Sharm el-Sheikh: peace still distant, great disappointment, little sense of relief
Tel Aviv (AsiaNews) - Disappointment, but also a sense of relief, characterise the response to yesterday’s quadrilateral summit meeting in Sharm el-Sheikh which brought together King Abdallah II of Jordan, President Hosni Mubarak of Egypt, President Mahmoud Abbas (“Abou Mazen”) of the Palestine Liberation Organisation and of the Palestinian Authority, and Prime Minister Ehud Olmert of Israel. Relief because, at least in accordance with the public image it projected, the summit went well. All four leaders appeared united in their condemnation of the military coup d’état, staged by Hamas in the Gaza Strip, and in their commitment to the goal of Israeli-Palestinian peace. There was a sense of relief at the unexpected promise by Prime Minister Olmert that he “would propose to his cabinet” the release of 250 “Fatah prisoners, who have not shed blood”, and at the Prime Minister’s confirmation of his recognition of the “emergency government” appointed by President Abou Mazen, his reiteration of the promise to “unfreeze” Palestinian tax money, which Israel has sequestered, and to contemplate other steps to “strengthen Abou Mazen”.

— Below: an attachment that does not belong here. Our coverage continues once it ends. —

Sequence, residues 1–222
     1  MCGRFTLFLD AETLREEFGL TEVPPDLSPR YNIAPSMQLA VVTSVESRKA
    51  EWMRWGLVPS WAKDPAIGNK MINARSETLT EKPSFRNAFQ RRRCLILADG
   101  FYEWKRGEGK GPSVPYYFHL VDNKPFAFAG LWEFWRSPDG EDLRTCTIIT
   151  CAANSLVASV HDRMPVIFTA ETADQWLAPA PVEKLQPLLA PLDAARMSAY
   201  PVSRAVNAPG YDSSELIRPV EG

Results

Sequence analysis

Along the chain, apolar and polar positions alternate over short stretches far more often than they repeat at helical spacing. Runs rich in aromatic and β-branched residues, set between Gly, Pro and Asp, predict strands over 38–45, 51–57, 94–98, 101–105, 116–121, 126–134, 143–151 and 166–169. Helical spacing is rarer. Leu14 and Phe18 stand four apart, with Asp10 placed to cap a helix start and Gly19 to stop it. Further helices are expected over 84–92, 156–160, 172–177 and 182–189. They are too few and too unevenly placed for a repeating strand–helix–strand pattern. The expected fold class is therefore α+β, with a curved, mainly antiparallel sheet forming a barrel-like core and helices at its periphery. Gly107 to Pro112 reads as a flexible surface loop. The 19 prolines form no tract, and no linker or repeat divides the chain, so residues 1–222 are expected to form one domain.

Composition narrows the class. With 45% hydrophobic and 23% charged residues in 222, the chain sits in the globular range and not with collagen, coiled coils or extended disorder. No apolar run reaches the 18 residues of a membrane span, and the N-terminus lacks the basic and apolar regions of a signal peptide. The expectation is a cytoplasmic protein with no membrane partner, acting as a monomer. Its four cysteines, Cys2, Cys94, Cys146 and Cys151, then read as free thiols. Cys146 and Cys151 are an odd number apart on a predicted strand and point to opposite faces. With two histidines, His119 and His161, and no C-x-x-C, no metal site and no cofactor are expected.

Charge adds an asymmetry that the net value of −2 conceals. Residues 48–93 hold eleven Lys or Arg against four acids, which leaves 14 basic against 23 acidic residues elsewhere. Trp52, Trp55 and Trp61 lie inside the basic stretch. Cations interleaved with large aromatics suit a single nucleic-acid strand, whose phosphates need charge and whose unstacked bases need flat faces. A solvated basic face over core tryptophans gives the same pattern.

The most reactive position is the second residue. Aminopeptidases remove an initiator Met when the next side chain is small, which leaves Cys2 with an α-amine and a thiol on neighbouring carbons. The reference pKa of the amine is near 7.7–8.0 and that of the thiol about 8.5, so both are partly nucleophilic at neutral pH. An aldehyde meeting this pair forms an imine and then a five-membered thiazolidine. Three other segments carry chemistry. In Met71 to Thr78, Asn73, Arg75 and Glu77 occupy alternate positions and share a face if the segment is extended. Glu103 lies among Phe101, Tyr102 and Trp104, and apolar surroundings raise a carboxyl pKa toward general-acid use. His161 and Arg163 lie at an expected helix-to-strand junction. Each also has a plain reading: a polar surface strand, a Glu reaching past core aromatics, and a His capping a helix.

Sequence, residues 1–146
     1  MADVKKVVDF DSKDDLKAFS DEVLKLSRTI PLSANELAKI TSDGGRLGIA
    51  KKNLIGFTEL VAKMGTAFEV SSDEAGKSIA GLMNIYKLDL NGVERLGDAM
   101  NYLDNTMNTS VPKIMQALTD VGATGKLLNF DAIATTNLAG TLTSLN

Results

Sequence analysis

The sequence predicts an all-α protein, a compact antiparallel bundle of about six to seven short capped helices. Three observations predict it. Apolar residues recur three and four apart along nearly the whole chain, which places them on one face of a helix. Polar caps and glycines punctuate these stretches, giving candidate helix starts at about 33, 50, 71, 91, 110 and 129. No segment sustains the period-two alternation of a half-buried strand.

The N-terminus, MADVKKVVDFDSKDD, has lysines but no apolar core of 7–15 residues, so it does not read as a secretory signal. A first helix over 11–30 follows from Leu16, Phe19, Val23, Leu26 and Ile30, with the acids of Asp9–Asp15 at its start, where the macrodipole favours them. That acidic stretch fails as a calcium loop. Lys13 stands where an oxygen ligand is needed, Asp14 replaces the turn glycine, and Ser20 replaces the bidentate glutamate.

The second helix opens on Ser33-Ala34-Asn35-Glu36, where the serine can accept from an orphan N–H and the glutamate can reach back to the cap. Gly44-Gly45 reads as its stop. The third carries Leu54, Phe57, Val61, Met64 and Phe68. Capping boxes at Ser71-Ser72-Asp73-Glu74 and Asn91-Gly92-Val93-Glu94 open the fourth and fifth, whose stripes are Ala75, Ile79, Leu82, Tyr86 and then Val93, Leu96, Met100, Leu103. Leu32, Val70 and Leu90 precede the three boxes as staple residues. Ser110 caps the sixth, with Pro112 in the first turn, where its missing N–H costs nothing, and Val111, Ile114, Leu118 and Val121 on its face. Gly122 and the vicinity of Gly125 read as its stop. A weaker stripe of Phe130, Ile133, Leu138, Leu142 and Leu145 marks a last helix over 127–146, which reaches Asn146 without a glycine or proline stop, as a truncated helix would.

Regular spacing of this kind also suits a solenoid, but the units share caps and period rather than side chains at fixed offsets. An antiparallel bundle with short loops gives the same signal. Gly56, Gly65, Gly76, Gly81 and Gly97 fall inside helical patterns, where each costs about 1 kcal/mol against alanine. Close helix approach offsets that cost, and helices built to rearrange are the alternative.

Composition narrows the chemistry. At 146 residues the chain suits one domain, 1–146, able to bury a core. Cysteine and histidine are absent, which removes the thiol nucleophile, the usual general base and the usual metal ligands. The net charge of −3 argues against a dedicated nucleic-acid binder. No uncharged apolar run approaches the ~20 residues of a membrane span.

But there is also huge disappointment at the missed opportunity to begin purposeful peace negotiations between Israel and Palestine. As he has been doing consistently since he first became “the President of all the Palestinians” (as Olmert had earlier called him), Abou Mazen explicitly invited Israel to begin structured negotiations on a peace treaty, and as he has been consistently doing since he became head of the government, Premier Olmert declined. An exceptionally “favourable moment” was lost. It was indeed an ideal moment for Israel to declare its readiness to begin negotiating the peace treaty. This was reportedly also the view of U.S. Secretary of State Condoleezza Rice, According to Israeli media reports, Rice had brought it up during Mr. Olmert’s very recent visit to Washington. Yes, she had said, in effect, conditions on the ground may not be favourable for the immediate implementation of the peace treaty, but at least the treaty could be negotiated, at least its principles and framework could be agreed (if not every detail), and then “put on the shelf”, to await implementation as and when conditions on the ground evolved to permit it. Such a treaty would signal clearly to the Palestinian population – under military occupation for the last forty years – that there is a definite prospect, a definite promise of freedom, on a concretely defined national territory , if only they could get their own house sufficiently in order to benefit from it. It would be the winning card for President Abou Mazen and his secular Fatah organisation in their contest with the Islamist Hamas. It would thereby, simply by being there, “on the shelf”, create the conditions for its actual implementation. The Prime Minister declined.